Like many, we jumped on the Wii wagon this Christmas after having asked for the game as a family gift, rather than raking in a ton of meaningless gifts that, knowing me, I’d end up consigning as soon as my local shop began taking after the holiday selling appointments.
Oh, it’s fun.
Yeah, it’s enjoyable.
It’s also downright dangerous.
It was a week after Christmas when I felt the knot in my left bicep. Lifting my arm was a chore, and straightening it while lifting? Well, fuhgeddaboudit. I had no idea what had caused this unbelievable pain, until I picked up the controller in an attempt to take on my almost Wii pro-status tennis playing daughter for yet another match – this time only using my right arm.
I woke up with a knot in my right bicep.
Uh-uh. THIS IS NOT HOW 40 WILL LOOK ON ME!
Now, I’m no couch potato. Ok, in complete honesty, my workouts have taken a dive over the last year or so. But while I’ve abandoned the lifting and half-marathons, at least for this season, I’m not an “unfit” mama. It’s all still there, waiting for me to return. Wii? Please! I can take on the Wii!
(Head down) At least I can in 2-4 weeks after I get the go ahead from my chiropractor to resume playing once he literally works out the kinks.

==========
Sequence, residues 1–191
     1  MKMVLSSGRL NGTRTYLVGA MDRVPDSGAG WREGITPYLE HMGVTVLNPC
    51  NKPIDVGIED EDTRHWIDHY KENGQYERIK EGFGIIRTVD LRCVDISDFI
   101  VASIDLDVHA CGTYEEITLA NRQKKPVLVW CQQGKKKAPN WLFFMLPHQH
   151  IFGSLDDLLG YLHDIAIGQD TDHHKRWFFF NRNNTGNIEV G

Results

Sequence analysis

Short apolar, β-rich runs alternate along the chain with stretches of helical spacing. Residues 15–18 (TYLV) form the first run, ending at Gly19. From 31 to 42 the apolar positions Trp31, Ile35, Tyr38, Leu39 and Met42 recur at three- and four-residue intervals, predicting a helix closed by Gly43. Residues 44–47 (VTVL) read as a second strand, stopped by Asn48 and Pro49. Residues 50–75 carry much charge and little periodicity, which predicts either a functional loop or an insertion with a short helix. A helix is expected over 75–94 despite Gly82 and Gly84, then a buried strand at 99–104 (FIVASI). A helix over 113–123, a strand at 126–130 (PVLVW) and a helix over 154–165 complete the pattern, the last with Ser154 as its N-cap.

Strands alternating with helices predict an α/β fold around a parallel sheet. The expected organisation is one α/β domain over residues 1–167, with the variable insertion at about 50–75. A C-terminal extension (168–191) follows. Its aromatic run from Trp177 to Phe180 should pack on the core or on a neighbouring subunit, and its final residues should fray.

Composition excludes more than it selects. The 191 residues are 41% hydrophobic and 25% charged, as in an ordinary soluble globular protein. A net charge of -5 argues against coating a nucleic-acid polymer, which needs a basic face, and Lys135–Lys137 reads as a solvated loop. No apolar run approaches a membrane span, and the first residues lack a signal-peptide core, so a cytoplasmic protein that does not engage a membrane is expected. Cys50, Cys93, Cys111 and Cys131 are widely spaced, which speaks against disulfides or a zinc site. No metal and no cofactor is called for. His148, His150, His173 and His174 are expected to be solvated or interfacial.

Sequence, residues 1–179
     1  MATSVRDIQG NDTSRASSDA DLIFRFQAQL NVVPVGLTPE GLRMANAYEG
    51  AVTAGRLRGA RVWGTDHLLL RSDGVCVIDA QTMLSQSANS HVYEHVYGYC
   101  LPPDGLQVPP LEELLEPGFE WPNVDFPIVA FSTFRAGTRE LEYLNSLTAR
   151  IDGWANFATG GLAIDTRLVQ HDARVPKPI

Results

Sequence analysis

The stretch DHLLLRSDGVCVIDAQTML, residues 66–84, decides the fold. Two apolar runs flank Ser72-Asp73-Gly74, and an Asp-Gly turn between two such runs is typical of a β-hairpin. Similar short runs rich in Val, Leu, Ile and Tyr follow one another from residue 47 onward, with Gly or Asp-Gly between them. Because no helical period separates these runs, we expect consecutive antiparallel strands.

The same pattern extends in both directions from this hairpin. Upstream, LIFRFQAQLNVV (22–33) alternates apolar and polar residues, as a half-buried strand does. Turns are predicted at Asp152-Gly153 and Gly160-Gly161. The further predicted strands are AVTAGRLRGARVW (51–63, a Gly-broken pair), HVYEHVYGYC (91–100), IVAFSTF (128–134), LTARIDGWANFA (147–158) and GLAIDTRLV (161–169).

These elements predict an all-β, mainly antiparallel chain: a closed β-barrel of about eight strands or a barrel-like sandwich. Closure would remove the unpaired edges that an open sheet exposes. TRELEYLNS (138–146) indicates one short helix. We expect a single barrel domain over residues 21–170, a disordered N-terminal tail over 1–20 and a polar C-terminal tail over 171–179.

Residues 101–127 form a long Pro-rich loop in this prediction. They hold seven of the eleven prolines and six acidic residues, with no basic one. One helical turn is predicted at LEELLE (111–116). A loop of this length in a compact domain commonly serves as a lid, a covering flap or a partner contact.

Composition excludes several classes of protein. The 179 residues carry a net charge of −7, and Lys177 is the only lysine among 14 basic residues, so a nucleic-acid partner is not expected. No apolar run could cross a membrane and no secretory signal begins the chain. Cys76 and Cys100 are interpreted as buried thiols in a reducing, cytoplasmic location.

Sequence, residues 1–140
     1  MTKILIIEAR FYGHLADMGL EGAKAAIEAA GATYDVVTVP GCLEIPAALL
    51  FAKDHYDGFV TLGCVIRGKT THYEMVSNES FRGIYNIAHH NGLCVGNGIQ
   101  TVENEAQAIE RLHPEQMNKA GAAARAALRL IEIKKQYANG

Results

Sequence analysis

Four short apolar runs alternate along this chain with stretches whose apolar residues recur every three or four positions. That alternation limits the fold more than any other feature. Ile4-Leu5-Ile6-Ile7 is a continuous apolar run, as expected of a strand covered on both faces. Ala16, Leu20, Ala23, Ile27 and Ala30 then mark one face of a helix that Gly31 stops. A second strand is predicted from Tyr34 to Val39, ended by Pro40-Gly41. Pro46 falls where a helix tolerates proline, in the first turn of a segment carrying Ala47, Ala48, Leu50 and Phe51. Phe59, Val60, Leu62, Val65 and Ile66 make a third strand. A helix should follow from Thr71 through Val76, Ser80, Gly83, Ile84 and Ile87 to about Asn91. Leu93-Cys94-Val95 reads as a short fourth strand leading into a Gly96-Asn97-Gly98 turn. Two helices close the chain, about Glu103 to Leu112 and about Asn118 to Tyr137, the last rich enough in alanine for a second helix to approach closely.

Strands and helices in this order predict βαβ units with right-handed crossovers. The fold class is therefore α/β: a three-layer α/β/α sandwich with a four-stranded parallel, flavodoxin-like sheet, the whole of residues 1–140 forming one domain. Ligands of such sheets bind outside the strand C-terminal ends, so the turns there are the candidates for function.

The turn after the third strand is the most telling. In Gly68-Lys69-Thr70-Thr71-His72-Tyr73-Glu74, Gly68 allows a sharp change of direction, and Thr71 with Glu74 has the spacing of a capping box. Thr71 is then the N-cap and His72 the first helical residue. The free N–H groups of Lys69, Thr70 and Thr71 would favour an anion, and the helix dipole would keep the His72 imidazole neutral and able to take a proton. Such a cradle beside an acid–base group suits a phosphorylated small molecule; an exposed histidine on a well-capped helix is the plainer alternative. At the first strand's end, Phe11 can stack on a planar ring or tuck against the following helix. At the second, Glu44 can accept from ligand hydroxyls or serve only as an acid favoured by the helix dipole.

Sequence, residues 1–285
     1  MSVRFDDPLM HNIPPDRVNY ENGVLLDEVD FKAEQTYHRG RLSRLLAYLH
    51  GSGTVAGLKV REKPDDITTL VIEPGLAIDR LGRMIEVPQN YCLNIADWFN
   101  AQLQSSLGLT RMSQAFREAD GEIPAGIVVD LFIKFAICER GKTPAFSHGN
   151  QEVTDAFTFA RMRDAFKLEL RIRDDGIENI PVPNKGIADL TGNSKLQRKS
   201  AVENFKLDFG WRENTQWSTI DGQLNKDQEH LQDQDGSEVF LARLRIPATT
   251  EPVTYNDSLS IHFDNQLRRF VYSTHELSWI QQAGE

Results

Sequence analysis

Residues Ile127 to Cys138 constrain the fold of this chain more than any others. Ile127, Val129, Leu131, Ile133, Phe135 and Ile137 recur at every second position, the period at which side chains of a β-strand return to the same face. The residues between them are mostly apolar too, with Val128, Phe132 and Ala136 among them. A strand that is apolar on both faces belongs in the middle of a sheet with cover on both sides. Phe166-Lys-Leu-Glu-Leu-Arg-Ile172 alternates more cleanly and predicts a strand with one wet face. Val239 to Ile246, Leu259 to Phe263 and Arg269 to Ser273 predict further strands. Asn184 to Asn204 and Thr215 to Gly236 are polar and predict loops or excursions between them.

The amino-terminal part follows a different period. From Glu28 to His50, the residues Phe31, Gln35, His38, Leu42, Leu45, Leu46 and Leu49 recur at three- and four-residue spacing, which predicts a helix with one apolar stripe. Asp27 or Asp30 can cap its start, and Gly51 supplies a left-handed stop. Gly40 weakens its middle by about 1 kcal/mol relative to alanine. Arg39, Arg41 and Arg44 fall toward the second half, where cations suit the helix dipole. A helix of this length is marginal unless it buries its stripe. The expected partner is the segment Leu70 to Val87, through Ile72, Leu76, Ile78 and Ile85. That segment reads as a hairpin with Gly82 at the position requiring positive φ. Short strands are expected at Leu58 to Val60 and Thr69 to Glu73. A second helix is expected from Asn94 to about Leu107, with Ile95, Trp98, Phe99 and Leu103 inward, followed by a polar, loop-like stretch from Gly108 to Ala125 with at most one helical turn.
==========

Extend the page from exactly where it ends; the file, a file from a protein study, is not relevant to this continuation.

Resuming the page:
When I first mentioned my pain to Dr. Tony, before the revelation that this injury was caused by a video game, (sheesh), he asked me if I had experienced trauma to the area. Imagine my embarrassment when I realized and thus shared with Dr. Tony, the guy who works with Ironmen, as to how I had pulled my muscle.
Apparently, I’m not the only one who has developed some Wii muscle soreness due to my most powerful backhand in tennis. This recent article on Boston Herald.com makes me feel better as to my Wii lot in life. Trauma, strained muscles, general soreness, injured rotator cuffs have all been linked to excessive Wii play. I’m not alone. I’m not alone. I may be taking the “Wii walk of shame”, but I’m not doing it alone.
Kids, mommy can’t play Wii with you. Doctor’s orders. Guess we better go back to reading books, playing board games and, well, talking.
Photo by Bethany